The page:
One of the most valuable pieces of cycling-specific clothing to consider is a pair of the best bib shorts or best women’s bib shorts. These are close-fitting Lycra bottoms with pads designed to keep your bottom comfortable on long rides.
Many cyclists will opt for a cycling jersey because these will help wick sweat away and have pockets on the back to carry supplies.
Wearing form-fitting clothing is also an easy way to make yourself faster on the bike, if that interests you, as it is more aerodynamic than baggy clothing.
As with virtually any outdoor activity, it’s worth investing in a good waterproof jacket.
If you’re heading out for a long day’s cycling, or even a short ride, staying hydrated is important.
Supplies to fix a flat tyre
One of the great things about road bikes is they enable you to cover great distances with ease, but this does mean being prepared to fix a flat tyre is wise because you don’t want to end up stranded.
In order to fix a flat tyre, you will need tyre levers and a pump. You can fix a small hole in an inner tube with a puncture repair kit, but many riders opt to carry a spare inner tube to make for a quick repair.
If your bike has tubeless tyres, you will need to take a tubeless tyre repair kit. These contain plugs that help the tubeless sealant within the tyre seal the hole back up, so you can re-inflate the tyre using a mini bike pump and carry on riding.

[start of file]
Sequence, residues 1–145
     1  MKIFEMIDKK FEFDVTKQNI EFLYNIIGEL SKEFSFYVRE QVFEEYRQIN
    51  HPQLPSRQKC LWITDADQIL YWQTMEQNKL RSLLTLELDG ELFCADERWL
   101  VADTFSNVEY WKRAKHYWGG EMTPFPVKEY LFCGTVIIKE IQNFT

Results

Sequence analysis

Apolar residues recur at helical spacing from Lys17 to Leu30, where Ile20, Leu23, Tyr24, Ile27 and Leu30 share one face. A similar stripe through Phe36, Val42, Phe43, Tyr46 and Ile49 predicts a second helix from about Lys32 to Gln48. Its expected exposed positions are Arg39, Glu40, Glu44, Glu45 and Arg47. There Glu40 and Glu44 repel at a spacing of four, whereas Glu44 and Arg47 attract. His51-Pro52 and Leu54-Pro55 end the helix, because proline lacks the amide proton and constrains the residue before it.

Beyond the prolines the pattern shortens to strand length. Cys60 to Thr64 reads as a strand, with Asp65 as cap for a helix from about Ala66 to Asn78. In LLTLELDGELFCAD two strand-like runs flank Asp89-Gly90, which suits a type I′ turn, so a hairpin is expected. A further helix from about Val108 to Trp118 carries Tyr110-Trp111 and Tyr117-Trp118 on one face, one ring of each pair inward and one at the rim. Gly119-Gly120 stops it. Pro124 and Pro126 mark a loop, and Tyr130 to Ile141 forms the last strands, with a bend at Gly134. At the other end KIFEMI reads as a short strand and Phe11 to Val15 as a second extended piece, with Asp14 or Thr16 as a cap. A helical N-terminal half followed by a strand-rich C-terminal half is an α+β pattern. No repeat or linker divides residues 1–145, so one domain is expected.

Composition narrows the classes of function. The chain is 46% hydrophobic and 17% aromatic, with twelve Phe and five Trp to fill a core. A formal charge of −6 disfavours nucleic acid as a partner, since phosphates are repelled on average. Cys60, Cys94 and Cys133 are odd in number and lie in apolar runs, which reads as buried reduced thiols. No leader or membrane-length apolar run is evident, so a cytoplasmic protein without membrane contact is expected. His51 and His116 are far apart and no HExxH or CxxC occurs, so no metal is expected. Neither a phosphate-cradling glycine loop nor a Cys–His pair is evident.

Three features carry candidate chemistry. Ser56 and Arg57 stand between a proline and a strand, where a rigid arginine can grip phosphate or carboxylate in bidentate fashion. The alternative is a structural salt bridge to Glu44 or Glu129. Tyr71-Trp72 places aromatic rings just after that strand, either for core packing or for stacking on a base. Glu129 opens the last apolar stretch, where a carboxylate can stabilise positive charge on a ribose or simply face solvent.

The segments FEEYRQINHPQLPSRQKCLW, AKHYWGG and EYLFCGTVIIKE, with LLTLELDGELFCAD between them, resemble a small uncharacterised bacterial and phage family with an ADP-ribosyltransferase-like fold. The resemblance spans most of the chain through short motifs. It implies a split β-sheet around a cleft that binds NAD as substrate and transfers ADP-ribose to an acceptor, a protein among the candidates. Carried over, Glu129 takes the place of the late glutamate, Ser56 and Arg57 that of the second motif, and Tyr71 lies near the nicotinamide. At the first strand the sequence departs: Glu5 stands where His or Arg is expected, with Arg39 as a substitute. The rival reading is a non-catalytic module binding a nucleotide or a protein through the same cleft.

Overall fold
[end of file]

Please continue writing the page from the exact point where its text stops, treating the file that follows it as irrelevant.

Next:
It may also be worth having a CO2 inflator with you on your rides. This will supply enough pressure to seat the tyre beads back on the rim, if you’ve had to remove them to carry out a repair.
Alternatively, a spare inner tube can be fitted to a tubeless tyre with a puncture that can’t be fixed with plugs and sealant alone.
Rather than carrying your spare tools and parts in your jersey pocket, using one of the best saddle bags will free up room in your pockets, and mean you can leave the tools attached to your bike so you will never forget them when going out for a ride.
You don’t need a bike computer to start using your new road bike, but many riders quickly realise their value and how they can enhance your time spent on the bike.
The best bike computers will provide information such as your speed while you ride, help you navigate, create a record of your rides if you’re starting to train, and give you the data to upload your rides to apps such as Strava.